Now why doesn't President Obama nominate more judges like this one?
As President Obama traveled to Wall Street on Monday and chided bankers for their recklessness, across town a federal judge issued a far sharper rebuke, not just for some of the financiers but for their regulators in Washington as well.
Giving voice to the anger and frustration of many ordinary Americans, Judge Jed S. Rakoff issued a scathing ruling on one of the watershed moments of the financial crisis: the star-crossed takeover of Merrill Lynch by the now-struggling Bank of America.
Judge Rakoff refused to approve a $33 million deal that would have settled a lawsuit filed by the Securities and Exchange Commission against the Bank of America. The lawsuit alleged that the bank failed to adequately disclose the bonuses that were paid by Merrill before the merger, which was completed in January at regulators’ behest as Merrill foundered.
He accused the S.E.C. of failing in its role as Wall Street’s top cop by going too easy on one of the biggest banks it regulates. And he accused executives of the Bank of America of failing to take responsibility for actions that blindsided its shareholders and the taxpayers who bailed out the bank at the height of the crisis.
The sharply worded ruling, which invoked justice and morality, seemed to speak not only to the controversial deal, but also to the anger across the nation over the excesses that led to the financial crisis, and the lax regulation in Washington that permitted those excesses to flourish.
Implicit in the judge’s remarks were broader questions on the anniversary of one of the most tumultuous weeks in Wall Street’s history: What do the giants of finance owe their shareholders and the investing public? And who will adequately oversee these behemoths?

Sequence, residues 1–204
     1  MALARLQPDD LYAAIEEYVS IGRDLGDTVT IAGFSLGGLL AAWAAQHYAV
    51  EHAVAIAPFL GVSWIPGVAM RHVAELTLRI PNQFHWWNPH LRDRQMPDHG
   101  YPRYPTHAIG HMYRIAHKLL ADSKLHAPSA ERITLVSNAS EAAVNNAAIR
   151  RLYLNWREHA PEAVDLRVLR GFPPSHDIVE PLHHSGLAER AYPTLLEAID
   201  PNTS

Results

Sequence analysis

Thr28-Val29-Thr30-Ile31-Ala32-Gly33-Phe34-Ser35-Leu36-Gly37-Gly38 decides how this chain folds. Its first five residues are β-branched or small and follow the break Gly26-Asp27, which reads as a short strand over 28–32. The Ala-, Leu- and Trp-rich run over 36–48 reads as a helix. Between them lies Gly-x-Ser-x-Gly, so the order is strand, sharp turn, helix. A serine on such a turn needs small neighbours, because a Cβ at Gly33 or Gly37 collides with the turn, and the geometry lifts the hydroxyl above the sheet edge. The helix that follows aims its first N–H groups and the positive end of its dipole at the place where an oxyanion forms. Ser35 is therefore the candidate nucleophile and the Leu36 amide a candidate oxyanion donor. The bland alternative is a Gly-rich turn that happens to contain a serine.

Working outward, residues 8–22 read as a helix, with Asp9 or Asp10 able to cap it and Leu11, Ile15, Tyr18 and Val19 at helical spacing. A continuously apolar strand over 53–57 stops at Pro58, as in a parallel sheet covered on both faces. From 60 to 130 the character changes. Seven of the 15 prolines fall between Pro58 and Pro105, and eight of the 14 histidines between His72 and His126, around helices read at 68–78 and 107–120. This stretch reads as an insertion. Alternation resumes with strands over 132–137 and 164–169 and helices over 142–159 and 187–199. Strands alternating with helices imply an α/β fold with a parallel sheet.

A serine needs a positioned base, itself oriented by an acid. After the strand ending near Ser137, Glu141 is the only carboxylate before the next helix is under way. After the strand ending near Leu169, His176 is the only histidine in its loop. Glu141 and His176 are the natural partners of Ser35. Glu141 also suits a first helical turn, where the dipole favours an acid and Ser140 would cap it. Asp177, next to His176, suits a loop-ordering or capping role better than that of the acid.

Congress is pondering these issues as it prepares to reshape the power structure of financial regulators in Washington, including the S.E.C. President Obama is pushing lawmakers to pass tougher regulations this year that would touch everything from bonuses to the structural soundness of Wall Street’s most powerful banks, even as some Democrats fret that the health care debate makes it unlikely that financial reform can be achieved.
“We will not go back to the days of reckless behavior and unchecked excess at the heart of this crisis,” Mr. Obama said in his speech before several hundred banking executives, lawmakers and Mayor Michael R. Bloomberg of New York.
Such consequences were at the heart of the dispute that came before Judge Rakoff, who had demanded that the S.E.C. and the bank explain which executives were responsible for failing to tell the bank’s shareholders about the payout of Merrill’s bonuses. That information, together with evidence of large undisclosed losses at Merrill, may have led shareholders to reject the merger at a time when the government wanted to forestall a worse meltdown of the financial system.
The judge accused Bank of America and the S.E.C. of concocting the settlement to effectively absolve themselves of further responsibility.
“The S.E.C. gets to claim that it is exposing wrongdoing on the part of the Bank of America in a high-profile merger,” he wrote, and “the Bank’s management gets to claim that they have been coerced into an onerous settlement by overzealous regulators.”
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